You have to get through me first

Jesus quite literally says, “You want to mess with them?! You have to go through me first!” I was bullied as a kid. Let me tell you, trying to help myself only made things worse! What I would have given for an older kid with a reputation to stand in front of me saying, “If you hurt him, you hurt me, and you REALLY don’t want to hurt me.” And that’s what Jesus does for you and for me. He stands between you and the rock and the hard place. The only caveat is that we have to wait for Him because His timing is perfect. And therein lies one of the greatest challenges for the disciple: waiting on God.

Waiting on and trusting God can be difficult. It’s one of the hardest things we do. The Israelites had to trust that God was going to come through. How easy would it have been for some of the Israelites to come together and say, “Listen, maybe if we go back and plead with Pharaoh he’ll take us back!” If they did that, they never would have witnessed the miracle and walked through the sea. Patience truly is a virtue. But as we’ve seen countless times through the bible and history, when we don’t wait on God and act on our own behalf, bad things tend to follow (1 Samuel 13)

So What Now?

If you’re stuck today, like I am, I encourage you to seek the Lord. Spend time worshipping Him today. Sometimes the best way to get “un-stuck” is simply to thank Jesus and having a mindset of praise. Shifting our perspective will help as we wait. Whatever ways you love to worship God today take time to do that. Remember how God brought you through difficult seasons before. I mean that’s the whole purpose of observing the Passover every year is that Jews remember how God brought them out of slavery and oppression. It’s why followers of Yeshua observe Easter every year, to remember that through an act of God coming to earth, we have been rescued and forgiven from our sin and our shame and our guilt. We observe the fact that we don’t have to live in our past any longer and we now get to celebrate our new life! Having that new life perspective may not lessen the waiting time but it will make it easier as we remember that our God has rescued us before and He will do it again.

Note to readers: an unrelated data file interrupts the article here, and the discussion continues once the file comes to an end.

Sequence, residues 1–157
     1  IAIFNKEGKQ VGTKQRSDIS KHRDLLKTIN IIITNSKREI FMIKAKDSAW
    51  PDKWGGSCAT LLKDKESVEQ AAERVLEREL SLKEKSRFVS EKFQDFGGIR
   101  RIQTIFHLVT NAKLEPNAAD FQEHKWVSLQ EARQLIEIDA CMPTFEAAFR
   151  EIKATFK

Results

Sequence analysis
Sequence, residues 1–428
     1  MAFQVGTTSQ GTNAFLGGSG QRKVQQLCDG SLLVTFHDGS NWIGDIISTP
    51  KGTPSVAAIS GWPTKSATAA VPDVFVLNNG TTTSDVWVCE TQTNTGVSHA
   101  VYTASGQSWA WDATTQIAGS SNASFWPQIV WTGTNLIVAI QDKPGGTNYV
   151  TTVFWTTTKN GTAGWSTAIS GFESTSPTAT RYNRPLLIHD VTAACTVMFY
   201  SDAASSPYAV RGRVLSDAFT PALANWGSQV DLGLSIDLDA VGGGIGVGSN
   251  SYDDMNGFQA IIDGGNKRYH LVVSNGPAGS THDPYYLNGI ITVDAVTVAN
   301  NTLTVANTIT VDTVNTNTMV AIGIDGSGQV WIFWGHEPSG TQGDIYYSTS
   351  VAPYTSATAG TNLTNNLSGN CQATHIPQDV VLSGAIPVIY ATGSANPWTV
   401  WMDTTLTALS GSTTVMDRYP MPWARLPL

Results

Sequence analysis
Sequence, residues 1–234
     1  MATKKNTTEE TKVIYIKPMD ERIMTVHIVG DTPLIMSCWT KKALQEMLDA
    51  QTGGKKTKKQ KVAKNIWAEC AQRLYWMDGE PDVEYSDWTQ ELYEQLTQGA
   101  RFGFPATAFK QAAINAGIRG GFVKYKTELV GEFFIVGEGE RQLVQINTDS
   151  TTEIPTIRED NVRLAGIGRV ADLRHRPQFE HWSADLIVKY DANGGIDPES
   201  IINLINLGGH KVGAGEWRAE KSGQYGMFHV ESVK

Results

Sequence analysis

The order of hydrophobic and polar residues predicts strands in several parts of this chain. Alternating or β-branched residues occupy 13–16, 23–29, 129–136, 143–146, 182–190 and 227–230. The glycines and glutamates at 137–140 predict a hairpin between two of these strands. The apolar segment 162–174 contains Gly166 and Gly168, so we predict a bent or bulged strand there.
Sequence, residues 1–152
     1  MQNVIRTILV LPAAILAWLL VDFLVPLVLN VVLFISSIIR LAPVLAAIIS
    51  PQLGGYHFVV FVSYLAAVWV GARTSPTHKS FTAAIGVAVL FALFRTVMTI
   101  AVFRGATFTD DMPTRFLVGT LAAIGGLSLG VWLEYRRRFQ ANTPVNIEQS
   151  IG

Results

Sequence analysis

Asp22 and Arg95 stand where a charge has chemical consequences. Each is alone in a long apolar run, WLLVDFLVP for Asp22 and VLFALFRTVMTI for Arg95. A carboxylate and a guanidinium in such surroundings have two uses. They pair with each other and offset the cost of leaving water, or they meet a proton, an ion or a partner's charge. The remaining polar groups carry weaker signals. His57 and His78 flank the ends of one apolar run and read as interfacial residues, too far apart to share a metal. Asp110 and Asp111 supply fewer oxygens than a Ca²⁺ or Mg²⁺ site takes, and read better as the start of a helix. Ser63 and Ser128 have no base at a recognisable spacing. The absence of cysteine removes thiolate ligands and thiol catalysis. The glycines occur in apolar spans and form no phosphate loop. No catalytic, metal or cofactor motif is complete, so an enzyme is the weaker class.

Trust me, I’m preaching to myself here right now! We got this, Church!

Maranatha // מרנאתא

-Justin

This year I will be hosting in-person Seders as well as producing a video that you can purchase to show either in your home or your church. If you’d like to learn more about having me host in person or how to purchase the Seder video, fill out the form below and I’ll be in touch.

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Justin Boothby is a lifelong student who loves to travel, film, write, design websites, and life coach. Most importantly he loves to Pastor in all different kinds of ministry settings. He’s also an avid pizza lover, metalcore listener, and shot glass collector.

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I'd love to hear your thoughts on this article! Please remember to be kind and respectful. If you didn't like something, I always welcome constructive criticism. However, any form of hatred, bullying, or racism will not be tolerated.

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About The Author

Justin is a lifelong student who loves to speak, travel, film, write, and coach. He has a goal of empowering others to grow closer to Jesus in practical and unique ways. After acquiring two degrees in Practical Theology and then studying in Israel for two years, Justin has a passion to help people read the Bible with a deeper appreciation in its original, ancient context.

M.A. Hebrew University of Jerusalem
M.Div. Regent University
B.S. Southeastern University

About Justin

Justin is a lifelong student who loves to speak, travel, film, write, and coach. He has a goal of empowering others to grow closer to Jesus in practical and unique ways. After acquiring two degrees in Practical Theology and then studying in Israel for two years, Justin has a passion to help people read the Bible with a deeper appreciation in its original, ancient context. He would not be where he is today without his incredible wife, Lauren! While he's a pastor at heart, he's also an avid pizza lover, metalcore listener, and shot glass collector.